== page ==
SARS-CoV-2 — the virus that causes the COVID-19 disease — did not exist last year. At the beginning of 2020, as the world raced to slow the spread of the virus, scientists, researchers, and medical professionals set out to learn more about the novel coronavirus. 

“It’s a very novel virus,” said Oz Mohiuddin, SDI’s CEO. “I have to say, it’s acting very differently than what we have seen with other viruses. At this point in time, it’s about surviving, about caring for our communities, our families, and preventing the spread.”

While there are still a lot of unknowns, we now have a better understanding of the virus, its symptoms, and how it spreads. 

SARS-CoV-2 is a novel coronavirus, and a part of the coronavirus family, which are viruses that can cause a variety of illnesses. Coronaviruses cause one-third of common colds and sometimes respiratory infections. 

“Coronaviruses as a class are around us all the time,” said Dr. David Haase, SDI’s Medical Director. “It is a very specific type of coronavirus and it is the SARS-CoV-2 virus. When that virus causes disease, we call that disease COVID-19. It is very easily transmitted via droplets, via aerosols, via contact surfaces. It is sneaky. Once it has infected an individual, that individual can shed that virus to infect other individuals, before that person even knows that they are ill, or that person may never know they’re ill and still be able to spread the virus.”

A wide range of symptoms have been reported by people with COVID-19, ranging from mild to severe. Symptoms may appear within two to 14 days after exposure to the virus. However, a substantial portion of individuals infected with COVID-19 have shown no symptoms at the time of testing, or were asymptomatic. 

“It has a vast range of symptoms, and it is rather clear that the sicker you are before you’ve been infected with the virus, the more challenges you’re going to have with regard to symptoms and severity of illness after you have been infected,” Dr. Haase said. 

According to the Centers for Disease Control and Prevention (CDC), symptoms include the following: fever or chills, cough, shortness of breath or difficulty breathing, fatigue, muscle or body aches, headache, new loss of taste or smell, sore throat, congestion or runny nose, nausea or vomiting, or diarrhea.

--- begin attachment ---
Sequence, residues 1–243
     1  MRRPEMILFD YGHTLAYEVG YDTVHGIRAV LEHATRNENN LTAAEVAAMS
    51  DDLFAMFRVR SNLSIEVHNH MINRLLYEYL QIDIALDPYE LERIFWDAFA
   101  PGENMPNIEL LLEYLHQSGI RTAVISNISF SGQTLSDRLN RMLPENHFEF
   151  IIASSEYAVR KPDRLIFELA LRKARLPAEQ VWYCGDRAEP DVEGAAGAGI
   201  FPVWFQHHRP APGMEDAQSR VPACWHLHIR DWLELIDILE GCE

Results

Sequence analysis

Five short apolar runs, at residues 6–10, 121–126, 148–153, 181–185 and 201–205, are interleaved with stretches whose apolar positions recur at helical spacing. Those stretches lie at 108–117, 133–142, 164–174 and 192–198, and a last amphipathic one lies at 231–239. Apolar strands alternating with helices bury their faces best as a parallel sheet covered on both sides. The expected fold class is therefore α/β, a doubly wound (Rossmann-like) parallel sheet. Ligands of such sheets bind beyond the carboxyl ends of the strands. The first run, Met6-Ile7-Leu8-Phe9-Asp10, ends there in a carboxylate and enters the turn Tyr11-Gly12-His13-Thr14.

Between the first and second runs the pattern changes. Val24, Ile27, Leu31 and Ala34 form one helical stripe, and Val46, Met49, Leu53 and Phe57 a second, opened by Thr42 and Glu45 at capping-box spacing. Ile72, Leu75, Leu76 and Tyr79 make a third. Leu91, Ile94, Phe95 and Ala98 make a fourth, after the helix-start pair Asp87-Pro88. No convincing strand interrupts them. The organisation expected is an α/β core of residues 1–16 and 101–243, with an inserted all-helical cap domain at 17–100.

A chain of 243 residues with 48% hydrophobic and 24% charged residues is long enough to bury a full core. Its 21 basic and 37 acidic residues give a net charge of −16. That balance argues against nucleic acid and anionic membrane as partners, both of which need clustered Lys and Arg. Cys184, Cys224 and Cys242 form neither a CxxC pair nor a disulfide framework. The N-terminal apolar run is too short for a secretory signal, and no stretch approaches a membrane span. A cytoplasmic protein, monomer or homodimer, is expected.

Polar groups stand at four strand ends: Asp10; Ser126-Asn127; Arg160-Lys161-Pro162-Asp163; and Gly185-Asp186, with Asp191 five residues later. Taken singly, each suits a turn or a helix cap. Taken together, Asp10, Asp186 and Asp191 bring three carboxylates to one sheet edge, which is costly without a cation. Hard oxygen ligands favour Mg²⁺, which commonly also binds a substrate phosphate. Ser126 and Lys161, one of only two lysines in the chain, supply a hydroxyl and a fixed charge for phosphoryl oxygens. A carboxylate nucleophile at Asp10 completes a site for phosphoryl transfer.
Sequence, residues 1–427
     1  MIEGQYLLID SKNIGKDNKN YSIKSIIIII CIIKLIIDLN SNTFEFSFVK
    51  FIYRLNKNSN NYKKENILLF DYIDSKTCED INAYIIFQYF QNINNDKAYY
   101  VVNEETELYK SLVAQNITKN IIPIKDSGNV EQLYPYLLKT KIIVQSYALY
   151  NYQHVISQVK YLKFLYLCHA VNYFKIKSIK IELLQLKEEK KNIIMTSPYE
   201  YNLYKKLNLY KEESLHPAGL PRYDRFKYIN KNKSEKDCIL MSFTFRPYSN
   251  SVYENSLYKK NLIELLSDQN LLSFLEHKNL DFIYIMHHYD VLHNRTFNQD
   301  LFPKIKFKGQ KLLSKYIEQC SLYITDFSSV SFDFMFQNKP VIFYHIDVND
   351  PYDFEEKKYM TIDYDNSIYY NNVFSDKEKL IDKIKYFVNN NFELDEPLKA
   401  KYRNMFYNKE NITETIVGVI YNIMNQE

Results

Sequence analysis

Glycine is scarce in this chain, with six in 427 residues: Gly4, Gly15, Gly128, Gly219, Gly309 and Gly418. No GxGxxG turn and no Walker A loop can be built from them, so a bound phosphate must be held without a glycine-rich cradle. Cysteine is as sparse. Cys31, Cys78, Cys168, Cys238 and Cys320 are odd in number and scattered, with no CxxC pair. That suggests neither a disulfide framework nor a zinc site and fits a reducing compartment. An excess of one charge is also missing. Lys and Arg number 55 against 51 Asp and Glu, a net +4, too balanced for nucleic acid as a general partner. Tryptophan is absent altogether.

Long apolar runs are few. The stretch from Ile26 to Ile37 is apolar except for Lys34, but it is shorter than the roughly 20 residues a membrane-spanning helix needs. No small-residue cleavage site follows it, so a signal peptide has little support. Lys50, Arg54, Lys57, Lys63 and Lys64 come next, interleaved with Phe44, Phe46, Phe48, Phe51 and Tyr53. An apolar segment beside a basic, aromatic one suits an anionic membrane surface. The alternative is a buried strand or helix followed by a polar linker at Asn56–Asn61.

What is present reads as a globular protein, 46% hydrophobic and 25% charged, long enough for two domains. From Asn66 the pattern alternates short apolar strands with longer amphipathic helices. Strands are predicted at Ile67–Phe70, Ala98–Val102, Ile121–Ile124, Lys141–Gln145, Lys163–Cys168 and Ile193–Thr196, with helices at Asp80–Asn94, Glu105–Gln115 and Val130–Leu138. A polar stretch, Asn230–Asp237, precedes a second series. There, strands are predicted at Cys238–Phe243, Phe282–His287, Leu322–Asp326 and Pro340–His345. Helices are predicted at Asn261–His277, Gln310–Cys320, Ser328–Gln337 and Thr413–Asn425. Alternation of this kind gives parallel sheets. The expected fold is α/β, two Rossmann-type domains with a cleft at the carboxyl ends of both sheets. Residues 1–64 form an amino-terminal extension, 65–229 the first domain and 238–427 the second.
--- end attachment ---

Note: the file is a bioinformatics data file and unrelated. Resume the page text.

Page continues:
“Individuals that have particular risk are obese individuals with diabetes, individuals with preexisting blood vessel disease, coagulation disease, and immune disorders,” Dr. Haase said. “Therefore, it has disproportionately affected the oldest and the most frail groups in the United States.”

Severe symptoms can lead to hospitalization and the need for a ventilator. “The hope is that individuals can survive long enough with these supportive therapies, that they can come through, but once a person gets on [a ventilator], it has a very high mortality rate, nearly 80% of those individuals will die,” Dr. Haase said. 

“Treatment has been focused upon supportive therapies, and a host of studied new interventions,” Dr. Haase said. Some research has shown that treatment can affect patients differently. 

“An individual who has a suppressed immune system early on may benefit from medications that augment the immune system,” Dr. Haase said. “Individuals that have an overly aggressive immune response may benefit from immunosuppressants. We’re at the front edge of our learning curve in treatment.”

The time spent social distancing amid stay-at-home orders provided opportunities for scientists and researchers, allowing them to learn more about the virus and treatment options. 

“All of the efforts to slow the curve saved lives because it has given us knowledge, but there is a long way to go,” Dr. Haase said. “We do not have a cure. We do not have a vaccine. This is a disease that is best avoided, if at all possible, because there are also long term effects. I’ve mentioned that the very ill can be affected more deeply, but even the very young can have unexpected severe disease.”

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